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The Comparative Philosophy Seminar seeks to advance constructive philosophical projects by bringing together scholars with training in diverse areas of Asian (mostly Buddhist) thought and Western Philosophy. Comparison in this context is not employed to loan authority to one set of obscure discoveries by revealing its resonances with the works of others, deemed less obscure. Nor does it sociologize philosophy in search of general laws of human cultural and intellectual development. Rather, the intent is to explicate, and employ, the fullness of an expanded philosophical toolset—and see how that works. The seminar ordinarily invites respondents who are versed in the relevant field of philosophical inquiry, but who are not necessarily specialists in Asian thought. In order to facilitate an ongoing conversation, seminar meetings for a given year are loosely organized around a very general theme, which speakers are asked to address when possible. In past years, the themes have been “Personal Identity” (2007–2008) and “Meta-Ethics” (2008–2009).

Professor Allison Aitken

Professor Jonathan C. Gold

Professor Hagop Sarkissian

Lucilla Ines Martorana

Meeting Schedule

10/22/2021 Online Meeting
7:00 PM
A Discussion of Fa (法) in the Shenzi
Eirik Lang Harris, Colorado State University
Speaker Link Abstract


The Shenzi Fragments, numbering a mere 3,000 or so characters in length, is all that remains of a work attributed to Shen Dao (ca. 350-275 BCE). While perhaps best known for his appearance in the Han Feizi as an advocate for positional power (勢 shi), he also makes an appearance in the Xunzi as one who is blinded by his focus on 法 fa (models, standards, laws). We will examine the fragments that discuss fa in an attempt to come to a deeper understanding of the role that these fragments see for the fa, how they are to be determined, and why Shen Dao took them to be central to a strong, stable, and flourishing state.

Discussant: Alejandro Bárcenas, Texas State University
Speaker Link
Discussant: Yutang Jin, Princeton University
Speaker Link
Discussant: Mercedes Valmisa, Gettysburg College
Speaker Link
03/25/2022 Online Meeting
6:30 PM
Li Zehou on the 'Deep Structures of Confucianism'
Andrew Lambert, College of Staten Island, CUNY


Contemporary Chinese intellectual Li Zehou's cross-cultural methodology blends traditional Confucian thought with thinkers such as Kant and Marx. This seminar addresses the question of culture and its role in Li’s thought. Li has made several claims about how a settled cultural tradition influences the subjects within it. One such claim concerns the existence of ‘deep structures’ of Confucianism, as outlined in this preparatory reading. The idea is that culture, history, and social practice (collectively, a tradition) shape human psychology (including the formation of concepts, emotions, and values) in ways not always apparent to the subject. Within the Chinese tradition, Confucianism constitutes such a deep structure, and its effects cannot be captured by textual studies alone, nor studies of material culture. Rather, the deep structure is articulated in terms of an emergent shared subjectivity. Such traditions can evolve and ultimately dissolve; nevertheless, their effects are deep-rooted. This seminar meeting will aim to identify the parameters of Li’s ambitious theoretical framework and its plausibility, and to explore connections with current work in related fields, such as cultural and empirical psychology.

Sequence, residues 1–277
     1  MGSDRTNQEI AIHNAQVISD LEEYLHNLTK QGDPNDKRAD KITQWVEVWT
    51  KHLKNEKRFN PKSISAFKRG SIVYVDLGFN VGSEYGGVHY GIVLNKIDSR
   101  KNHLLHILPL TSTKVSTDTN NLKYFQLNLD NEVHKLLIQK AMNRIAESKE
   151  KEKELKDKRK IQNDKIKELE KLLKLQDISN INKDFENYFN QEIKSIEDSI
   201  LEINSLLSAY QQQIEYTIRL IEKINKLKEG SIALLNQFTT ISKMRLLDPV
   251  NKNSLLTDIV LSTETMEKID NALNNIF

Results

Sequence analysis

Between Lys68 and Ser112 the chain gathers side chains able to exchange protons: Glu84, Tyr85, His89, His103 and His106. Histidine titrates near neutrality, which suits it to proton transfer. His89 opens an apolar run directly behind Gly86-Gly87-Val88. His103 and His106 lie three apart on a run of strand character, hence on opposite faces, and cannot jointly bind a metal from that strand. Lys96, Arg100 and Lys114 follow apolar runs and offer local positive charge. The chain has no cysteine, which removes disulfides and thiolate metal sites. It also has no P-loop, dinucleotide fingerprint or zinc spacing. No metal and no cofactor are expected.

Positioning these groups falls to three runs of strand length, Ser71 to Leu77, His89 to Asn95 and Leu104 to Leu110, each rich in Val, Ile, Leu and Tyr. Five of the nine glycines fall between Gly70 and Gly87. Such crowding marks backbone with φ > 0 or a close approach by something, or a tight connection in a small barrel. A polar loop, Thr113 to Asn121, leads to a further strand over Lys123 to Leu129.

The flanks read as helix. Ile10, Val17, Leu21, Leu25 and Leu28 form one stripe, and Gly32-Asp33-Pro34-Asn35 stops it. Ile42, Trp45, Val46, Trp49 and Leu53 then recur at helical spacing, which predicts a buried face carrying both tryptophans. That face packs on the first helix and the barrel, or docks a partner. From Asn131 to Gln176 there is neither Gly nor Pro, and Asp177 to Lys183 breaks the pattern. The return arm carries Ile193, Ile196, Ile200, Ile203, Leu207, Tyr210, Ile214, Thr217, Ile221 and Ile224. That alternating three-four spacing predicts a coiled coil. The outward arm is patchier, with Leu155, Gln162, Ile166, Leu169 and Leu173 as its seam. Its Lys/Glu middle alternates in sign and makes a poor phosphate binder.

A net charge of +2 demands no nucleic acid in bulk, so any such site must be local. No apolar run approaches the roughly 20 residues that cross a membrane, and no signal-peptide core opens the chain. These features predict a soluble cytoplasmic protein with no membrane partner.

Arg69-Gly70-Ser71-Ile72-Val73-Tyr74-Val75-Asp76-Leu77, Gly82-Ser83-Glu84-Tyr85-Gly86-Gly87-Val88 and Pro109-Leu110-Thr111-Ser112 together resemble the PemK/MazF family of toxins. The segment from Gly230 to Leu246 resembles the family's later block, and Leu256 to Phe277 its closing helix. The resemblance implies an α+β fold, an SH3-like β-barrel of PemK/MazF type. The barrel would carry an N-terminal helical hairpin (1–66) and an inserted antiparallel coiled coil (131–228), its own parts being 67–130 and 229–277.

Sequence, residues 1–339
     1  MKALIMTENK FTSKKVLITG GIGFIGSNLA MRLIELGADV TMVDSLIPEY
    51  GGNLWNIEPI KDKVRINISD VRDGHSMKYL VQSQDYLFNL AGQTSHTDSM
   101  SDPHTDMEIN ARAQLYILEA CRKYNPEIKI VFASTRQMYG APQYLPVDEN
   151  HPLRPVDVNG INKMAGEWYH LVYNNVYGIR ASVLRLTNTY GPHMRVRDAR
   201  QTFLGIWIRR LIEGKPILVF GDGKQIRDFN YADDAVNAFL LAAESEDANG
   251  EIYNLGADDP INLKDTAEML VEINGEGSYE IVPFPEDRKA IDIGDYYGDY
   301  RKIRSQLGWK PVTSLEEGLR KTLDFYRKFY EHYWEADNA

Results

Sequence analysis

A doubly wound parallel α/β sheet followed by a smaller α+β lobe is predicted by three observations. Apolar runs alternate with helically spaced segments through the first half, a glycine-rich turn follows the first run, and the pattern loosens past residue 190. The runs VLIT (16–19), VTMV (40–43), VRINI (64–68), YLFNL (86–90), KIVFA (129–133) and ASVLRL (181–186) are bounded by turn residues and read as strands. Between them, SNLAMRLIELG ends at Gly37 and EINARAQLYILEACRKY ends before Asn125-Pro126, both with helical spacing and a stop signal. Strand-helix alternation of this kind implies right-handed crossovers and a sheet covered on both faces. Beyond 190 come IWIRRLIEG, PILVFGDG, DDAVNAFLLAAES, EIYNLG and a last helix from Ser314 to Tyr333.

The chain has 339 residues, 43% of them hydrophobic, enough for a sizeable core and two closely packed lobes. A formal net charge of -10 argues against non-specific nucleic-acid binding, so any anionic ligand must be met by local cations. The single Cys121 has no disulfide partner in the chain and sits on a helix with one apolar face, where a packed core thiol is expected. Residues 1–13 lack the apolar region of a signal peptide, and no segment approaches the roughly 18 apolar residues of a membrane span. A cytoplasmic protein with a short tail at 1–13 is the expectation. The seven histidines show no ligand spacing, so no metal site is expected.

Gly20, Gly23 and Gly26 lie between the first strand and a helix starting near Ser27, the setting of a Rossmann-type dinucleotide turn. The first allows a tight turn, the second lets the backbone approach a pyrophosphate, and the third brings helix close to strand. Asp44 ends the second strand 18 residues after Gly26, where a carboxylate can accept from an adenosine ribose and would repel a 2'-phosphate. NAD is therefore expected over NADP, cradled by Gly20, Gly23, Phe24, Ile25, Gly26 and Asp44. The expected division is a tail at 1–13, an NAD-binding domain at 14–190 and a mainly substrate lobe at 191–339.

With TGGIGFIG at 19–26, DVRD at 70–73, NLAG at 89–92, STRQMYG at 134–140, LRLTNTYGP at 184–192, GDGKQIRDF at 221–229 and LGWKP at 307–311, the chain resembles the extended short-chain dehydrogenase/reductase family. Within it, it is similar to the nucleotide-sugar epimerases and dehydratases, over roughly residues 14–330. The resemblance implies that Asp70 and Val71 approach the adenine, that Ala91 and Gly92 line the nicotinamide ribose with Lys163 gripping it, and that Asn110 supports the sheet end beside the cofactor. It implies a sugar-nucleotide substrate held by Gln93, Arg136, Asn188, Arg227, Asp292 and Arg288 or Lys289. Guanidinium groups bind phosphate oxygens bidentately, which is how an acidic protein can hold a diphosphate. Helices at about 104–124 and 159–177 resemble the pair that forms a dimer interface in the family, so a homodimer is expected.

Discussant: Robert A. Carleo III, East China Normal University

Discussant: Emma Buchtel, Hong Kong Education University

05/13/2022 Faculty House, Columbia University
5:30 PM
A Case against Simple-mindedness: Śrīgupta on Mental Mereology
Allison Aitken, Columbia University


There’s a common line of reasoning which supposes that the phenomenal unity of conscious experience is grounded in a mind-like simple subject. To the contrary, Mādhyamika Buddhist philosophers beginning with Śrīgupta (seventh-eighth century) argue that any kind of mental simple is incoherent and thus metaphysically impossible. Lacking any unifying principle, the phenomenal unity of conscious experience is instead an ungrounded illusion. In this talk, I will present an analysis of Śrīgupta’s “neither-one-nor-many argument” against mental simples and show how his line of reasoning is driven by a set of implicit questions concerning the nature of and relation between consciousness and its intentional object. These questions not only set the agenda for centuries of intra-Buddhist debate on the topic, but they are also questions to which any defender of unified consciousness or a simple subject of experience arguably owes responses.

Discussant: Alexander Englert, Princeton University